“The short answer is: we have no idea. That’s why it’s very difficult to make predictions as to when ‘human-level AI’ will come about.
“Right now, though, the main obstacle we face is how to get machines to learn in an unsupervised manner, like babies and animals do.”
Commentary from Yann LeCun, director of Facebook Artificial Intelligence Research.
That includes learning a kind of common sense, says Ernest Davis.
“The lack of common sense reasoning is a major obstacle. There’s large amounts of basic understanding of the world that we haven’t been able to get programs to do.
“To a very large extent, AI programs work by avoiding the problem, work by getting around the understanding of language or understanding what the text means and what it says about the world. There are limits to that.
“Before we can get fully intelligent programs, those problems are going to have to be overcome. But we don’t know how we ourselves understand the world, mostly, so these traits are incredibly difficult to emulate in a program.”
Commentary from Ernest Davis, computer scientist at New York University.
Murray Shanahan notes that computers also need to be more creative.
“The two biggest obstacles to human-level AI are endowing computers with common sense and endowing them with creativity.
“By endowing them with common sense, I mean giving computers the ability to understand the consequences of everyday actions — actions on physical things or social actions, things that you say or do with other people.
“By creativity, I don’t mean the kind of thing that Mozart or Einstein could do, but the kind of thing that every child is capable of when they play.
“That kind of creativity is just being able to come up with completely new sorts of behavior and to explore them in an effective way, which children are amazing at. That’s how they learn.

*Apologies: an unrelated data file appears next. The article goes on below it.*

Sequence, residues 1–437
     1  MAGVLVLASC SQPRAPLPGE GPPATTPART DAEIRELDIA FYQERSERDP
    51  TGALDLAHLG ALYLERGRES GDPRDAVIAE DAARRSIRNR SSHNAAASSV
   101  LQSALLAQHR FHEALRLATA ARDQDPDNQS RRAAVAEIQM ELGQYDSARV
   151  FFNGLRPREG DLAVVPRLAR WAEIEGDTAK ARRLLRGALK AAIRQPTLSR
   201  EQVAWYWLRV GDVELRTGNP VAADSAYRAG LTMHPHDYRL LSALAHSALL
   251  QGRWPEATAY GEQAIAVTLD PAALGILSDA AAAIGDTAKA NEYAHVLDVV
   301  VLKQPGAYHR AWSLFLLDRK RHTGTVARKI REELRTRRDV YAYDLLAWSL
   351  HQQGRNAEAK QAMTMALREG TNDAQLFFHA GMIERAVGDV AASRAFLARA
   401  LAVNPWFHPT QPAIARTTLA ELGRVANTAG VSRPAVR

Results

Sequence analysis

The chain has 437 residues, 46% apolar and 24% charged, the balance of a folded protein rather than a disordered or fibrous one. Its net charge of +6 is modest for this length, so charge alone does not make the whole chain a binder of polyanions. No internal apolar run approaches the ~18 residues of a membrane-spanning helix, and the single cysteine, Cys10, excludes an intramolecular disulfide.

“We really don’t know quite how to endow computers with those two capabilities yet.”
Commentary from Murray Shanahan, a computer scientist at Imperial College.
Carlos Guestrin said computers need to be able to understand abstract concepts like humans do.
“Humans have developed what are called abstractions — we can think about, for example, cars generically without thinking about a specific type of car, but we can also quickly dig down to a specific car and to parts of cars. We can learn about those abstract notions and those specific notions very quickly through only a few examples.
“Today, it takes computers a lot of data, a lot of examples of cars, to learn what a car is. Then to generalize and represent different levels of abstractions or different levels of specificity is extremely difficult.
“That’s one big gap between what a human can do, even a child can do, and what a computer can do.”
Commentary from Carlos Guestrin, the CEO and cofounder of Dato, a company that builds artificially intelligent systems to analyze data.
The fundamental problem is that AI know can only do what they’re told to do, says Michael Littman.